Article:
22 years ago, on 26 April 1986, reactor No 4 at the Chernobyl Nuclear Power Plant, in Ukraine, blew apart, spewing radioactive dust and debris far and wide.Cool, a fungi that is thriving in a radioactive wasteland.
Ever since, a 30 km 'exclusion zone' has existed around the contaminated site, accessible to those with special clearance only. It's quite easy, then, to conjure an apocalyptic vision of the area; to imagine an eerily deserted wasteland, utterly devoid of life.
But the truth is quite the opposite. The exclusion zone is teeming with wildlife of all shapes and sizes, flourishing unhindered by human interference and seemingly unfazed by the ever-present radiation. Most remarkable, however, is not the life buzzing around the site, but what's blooming inside the perilous depths of the reactor.
But it's also the abode of some very hardy fungi which researchers believe aren't just tolerating the severe radiation, but actually harnessing its energy to thrive.
How does it do that?
In 1999, a robot sent to map the inside of the reactor returned with samples of a particularly black fungi, indicating an abundance of the biological pigment melanin, which also colours your skin.via Cosmos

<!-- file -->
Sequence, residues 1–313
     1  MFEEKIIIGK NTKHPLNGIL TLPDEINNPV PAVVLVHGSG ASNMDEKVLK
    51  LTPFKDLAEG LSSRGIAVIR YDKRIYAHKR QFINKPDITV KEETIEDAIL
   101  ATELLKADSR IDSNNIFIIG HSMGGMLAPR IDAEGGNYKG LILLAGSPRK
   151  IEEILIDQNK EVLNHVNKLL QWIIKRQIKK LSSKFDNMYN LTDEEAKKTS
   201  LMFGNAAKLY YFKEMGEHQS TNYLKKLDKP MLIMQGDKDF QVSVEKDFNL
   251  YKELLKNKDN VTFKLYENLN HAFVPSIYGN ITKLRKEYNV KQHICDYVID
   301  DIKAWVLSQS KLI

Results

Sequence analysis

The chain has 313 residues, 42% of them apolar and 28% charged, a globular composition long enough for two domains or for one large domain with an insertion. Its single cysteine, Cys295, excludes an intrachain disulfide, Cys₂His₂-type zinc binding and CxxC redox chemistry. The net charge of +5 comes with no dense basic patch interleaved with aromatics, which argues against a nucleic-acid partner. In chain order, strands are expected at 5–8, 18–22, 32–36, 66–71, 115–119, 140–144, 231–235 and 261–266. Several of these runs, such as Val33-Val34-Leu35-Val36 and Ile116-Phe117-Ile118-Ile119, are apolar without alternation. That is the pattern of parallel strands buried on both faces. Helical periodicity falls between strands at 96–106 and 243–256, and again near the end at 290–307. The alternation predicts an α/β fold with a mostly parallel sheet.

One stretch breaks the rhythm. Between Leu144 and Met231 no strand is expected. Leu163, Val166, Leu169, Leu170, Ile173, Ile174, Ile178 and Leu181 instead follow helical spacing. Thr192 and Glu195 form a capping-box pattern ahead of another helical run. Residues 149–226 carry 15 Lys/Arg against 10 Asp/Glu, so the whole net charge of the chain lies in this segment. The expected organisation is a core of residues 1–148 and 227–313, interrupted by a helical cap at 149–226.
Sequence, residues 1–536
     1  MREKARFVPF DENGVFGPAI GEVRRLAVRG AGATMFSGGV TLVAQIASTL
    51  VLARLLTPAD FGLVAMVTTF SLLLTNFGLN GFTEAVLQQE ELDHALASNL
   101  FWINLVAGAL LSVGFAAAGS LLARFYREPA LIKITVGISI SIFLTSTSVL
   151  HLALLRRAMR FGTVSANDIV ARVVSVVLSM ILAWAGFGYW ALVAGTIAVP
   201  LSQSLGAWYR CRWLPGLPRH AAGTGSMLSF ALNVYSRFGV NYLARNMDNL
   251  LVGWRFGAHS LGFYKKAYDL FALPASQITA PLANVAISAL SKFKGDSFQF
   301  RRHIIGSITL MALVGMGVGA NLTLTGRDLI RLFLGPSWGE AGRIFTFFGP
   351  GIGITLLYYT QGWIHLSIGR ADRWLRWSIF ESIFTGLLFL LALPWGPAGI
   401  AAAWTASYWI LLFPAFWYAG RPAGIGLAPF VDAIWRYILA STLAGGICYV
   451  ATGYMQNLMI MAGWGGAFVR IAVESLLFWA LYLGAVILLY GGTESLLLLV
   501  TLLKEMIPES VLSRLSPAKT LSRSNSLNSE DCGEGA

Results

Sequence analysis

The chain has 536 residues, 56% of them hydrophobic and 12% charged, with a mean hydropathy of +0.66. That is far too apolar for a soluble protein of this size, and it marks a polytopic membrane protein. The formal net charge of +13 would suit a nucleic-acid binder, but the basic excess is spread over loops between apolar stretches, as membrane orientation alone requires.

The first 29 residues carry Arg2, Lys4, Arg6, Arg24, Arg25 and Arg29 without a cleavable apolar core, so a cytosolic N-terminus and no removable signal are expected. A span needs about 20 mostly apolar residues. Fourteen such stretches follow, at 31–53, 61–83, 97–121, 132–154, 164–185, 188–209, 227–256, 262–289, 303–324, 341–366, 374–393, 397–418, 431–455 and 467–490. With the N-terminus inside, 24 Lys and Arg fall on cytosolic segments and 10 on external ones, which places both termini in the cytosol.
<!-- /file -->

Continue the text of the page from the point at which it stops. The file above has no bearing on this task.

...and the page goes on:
Though melanin is typically associated with 'protective' properties – absorbing and safely transforming different electromagnetic wavelengths, such as DNA-damaging ultraviolet light – the researchers had an inkling that a more extraordinary phenomenon was allowing the fungi to prosper; something still involving the combination of melanin and radiation, but beyond the bounds of radioactive protection.
They were able to show radiated melanin capable of boosting a type of reaction important in metabolism – called an oxidation-reduction reaction – four times faster when exposed to the influence of caesium-137.
They also saw a change in the pigment's electronic structure. This, Dadachova says, is evidence "that melanin transformed part of the ionising radiation energy into the energy of electrons, which represents the 'chemical' form of energy [that] fungi could potentially use in their metabolism."
Taken together, the researchers think their results do indeed hint that fungi can live off ionising radiation, harnessing its energy through melanin to somehow generate a new form of biologically usable growing power.